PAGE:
• The creation of the Great Wall and the Terracotta Army.

• Emperor Qin Shi Huang conquered the southern China.
• Facing with the Qin troops’ invasion, the Luo Yue people, along with other local groups, put up a fierce resistance.

• Qin finally conquered south-western China and northern Vietnam in 215 BCE.

• Qin divided the new southern conquest into three commanderies: Nanhai, Guilin and Xiang.

• In 204 BCE, Zhao Tuo, a military commander of Qin, took control of the three commanderies, and founded the kingdom of Nanyue (‘Southern Yue’).
Western Han
206 BCE -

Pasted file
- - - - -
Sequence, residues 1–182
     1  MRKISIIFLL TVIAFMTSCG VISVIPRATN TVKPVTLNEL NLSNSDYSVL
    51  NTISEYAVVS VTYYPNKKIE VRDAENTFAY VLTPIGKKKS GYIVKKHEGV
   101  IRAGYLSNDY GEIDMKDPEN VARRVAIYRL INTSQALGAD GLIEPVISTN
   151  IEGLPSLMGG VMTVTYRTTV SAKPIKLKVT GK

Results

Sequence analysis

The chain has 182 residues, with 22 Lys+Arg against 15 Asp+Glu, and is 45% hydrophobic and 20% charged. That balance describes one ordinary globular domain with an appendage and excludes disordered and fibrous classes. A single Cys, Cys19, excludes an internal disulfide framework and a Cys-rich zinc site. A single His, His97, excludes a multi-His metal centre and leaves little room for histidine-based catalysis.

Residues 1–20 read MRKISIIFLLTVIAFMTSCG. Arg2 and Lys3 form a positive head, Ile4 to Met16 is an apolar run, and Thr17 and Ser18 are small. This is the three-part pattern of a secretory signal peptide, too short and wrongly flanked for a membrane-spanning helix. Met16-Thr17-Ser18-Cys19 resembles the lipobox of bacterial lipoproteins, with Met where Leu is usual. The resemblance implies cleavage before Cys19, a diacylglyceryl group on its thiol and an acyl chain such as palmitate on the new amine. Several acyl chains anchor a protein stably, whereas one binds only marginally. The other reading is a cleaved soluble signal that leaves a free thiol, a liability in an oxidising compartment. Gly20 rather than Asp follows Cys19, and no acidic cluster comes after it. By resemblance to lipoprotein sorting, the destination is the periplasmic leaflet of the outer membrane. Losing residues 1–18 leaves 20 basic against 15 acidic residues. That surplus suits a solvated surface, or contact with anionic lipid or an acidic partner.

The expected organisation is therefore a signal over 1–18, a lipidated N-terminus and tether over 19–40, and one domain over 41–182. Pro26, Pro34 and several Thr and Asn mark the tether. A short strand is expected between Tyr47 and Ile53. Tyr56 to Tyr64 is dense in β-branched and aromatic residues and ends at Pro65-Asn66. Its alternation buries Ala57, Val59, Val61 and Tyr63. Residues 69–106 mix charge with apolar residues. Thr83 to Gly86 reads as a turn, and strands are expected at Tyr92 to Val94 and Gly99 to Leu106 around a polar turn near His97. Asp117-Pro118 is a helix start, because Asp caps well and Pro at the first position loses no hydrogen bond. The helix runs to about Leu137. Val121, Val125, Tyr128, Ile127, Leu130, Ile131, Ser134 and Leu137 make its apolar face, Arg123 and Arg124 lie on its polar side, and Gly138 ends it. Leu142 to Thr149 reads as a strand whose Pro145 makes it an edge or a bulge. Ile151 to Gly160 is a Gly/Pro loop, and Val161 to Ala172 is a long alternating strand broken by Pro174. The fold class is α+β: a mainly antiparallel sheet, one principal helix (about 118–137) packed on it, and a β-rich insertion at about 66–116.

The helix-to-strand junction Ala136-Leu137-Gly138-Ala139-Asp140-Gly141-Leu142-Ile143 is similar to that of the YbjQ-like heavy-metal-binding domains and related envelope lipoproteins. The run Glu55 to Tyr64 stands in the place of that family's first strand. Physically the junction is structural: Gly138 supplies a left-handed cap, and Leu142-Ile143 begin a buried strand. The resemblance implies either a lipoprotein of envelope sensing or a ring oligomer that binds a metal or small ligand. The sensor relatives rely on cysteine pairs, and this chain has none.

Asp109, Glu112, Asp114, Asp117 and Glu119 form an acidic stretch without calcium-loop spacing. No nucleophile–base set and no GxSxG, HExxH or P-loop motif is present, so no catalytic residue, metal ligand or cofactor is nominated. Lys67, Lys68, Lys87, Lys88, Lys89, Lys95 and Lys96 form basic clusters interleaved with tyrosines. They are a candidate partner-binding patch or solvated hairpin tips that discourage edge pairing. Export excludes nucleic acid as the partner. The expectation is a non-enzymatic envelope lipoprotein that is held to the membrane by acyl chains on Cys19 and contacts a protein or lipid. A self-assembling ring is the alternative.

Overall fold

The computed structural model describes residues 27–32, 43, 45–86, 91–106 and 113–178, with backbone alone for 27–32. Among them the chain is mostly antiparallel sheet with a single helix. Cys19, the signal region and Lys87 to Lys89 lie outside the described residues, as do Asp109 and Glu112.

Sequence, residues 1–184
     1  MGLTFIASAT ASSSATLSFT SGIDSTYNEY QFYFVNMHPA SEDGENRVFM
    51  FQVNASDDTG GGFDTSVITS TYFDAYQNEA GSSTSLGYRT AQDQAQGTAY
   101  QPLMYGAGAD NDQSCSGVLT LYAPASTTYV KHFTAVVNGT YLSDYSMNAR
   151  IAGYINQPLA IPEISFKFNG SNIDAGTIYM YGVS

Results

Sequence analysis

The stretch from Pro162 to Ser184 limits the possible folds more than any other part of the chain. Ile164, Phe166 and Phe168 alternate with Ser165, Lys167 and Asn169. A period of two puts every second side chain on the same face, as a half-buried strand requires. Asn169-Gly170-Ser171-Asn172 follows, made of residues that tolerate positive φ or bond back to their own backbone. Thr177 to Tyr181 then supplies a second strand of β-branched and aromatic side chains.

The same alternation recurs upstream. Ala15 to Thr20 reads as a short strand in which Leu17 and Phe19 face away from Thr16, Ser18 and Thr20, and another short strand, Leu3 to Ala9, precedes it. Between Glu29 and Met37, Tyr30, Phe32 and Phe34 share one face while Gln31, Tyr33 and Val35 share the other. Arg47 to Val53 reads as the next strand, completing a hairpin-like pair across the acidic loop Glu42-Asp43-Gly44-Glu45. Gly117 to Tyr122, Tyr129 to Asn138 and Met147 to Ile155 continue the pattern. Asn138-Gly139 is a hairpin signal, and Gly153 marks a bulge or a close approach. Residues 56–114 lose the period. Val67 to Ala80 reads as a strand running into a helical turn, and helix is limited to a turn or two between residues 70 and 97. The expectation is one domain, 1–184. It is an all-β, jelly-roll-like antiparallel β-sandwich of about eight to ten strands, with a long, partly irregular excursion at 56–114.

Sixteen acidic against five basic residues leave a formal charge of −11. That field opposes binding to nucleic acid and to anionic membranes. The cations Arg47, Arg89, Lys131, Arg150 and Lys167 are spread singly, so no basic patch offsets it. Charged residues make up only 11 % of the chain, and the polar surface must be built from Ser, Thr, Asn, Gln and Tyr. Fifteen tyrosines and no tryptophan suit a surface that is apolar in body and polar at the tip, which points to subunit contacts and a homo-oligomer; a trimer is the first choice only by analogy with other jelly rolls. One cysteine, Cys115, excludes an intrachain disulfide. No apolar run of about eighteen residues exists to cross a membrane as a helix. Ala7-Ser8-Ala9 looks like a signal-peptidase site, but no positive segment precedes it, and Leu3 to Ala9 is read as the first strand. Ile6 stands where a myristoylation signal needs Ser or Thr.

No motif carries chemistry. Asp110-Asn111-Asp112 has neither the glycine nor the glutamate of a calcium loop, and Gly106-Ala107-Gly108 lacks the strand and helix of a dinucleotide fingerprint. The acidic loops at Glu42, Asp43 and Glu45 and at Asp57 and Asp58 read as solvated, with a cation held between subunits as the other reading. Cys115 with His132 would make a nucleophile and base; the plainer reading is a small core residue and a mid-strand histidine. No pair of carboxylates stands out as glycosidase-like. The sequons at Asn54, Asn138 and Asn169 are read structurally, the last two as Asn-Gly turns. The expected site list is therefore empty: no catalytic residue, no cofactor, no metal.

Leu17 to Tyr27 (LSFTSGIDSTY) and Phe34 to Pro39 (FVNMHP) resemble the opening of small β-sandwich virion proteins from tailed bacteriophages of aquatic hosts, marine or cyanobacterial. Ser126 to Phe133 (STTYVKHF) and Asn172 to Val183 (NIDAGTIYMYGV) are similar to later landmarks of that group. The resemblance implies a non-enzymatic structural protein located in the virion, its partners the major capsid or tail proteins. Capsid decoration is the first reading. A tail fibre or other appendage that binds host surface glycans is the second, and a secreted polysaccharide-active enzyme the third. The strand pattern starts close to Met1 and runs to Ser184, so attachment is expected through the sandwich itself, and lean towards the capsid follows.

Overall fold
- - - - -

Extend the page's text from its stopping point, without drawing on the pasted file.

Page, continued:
9CE
• The establishment of the vast trade network known as the Silk Road.

• Confucianism became the official state ideology of the Han Empire.

• Iron-smelting techniques were greatly improved.
• The Nanyue Kingdom was annexed by the Han Empire in 111 BCE.

• The Han Empire incorporated the Nanyue territory into its administrative structure, terming it a Zhou (district), and further sub-divided it into nine Jun (county).
Xin
9-23 CE
• Wang Mang, a powerful relative of the grand empress dowager of Han Empire, seized the throne and established his own dynasty, but was overthrown by rebellions not long after.  
Eastern Han
25-220 CE
• The Silk Road was further developed.

• Buddhism was introduced into mainland China from India.
• The Trung sisters, two aristocratic women from the region of Me Linh in current northern Vietnam, rebelled against Han in 40 CE.

• The Han general Ma Yuan suppressed the rebellion in 43 CE.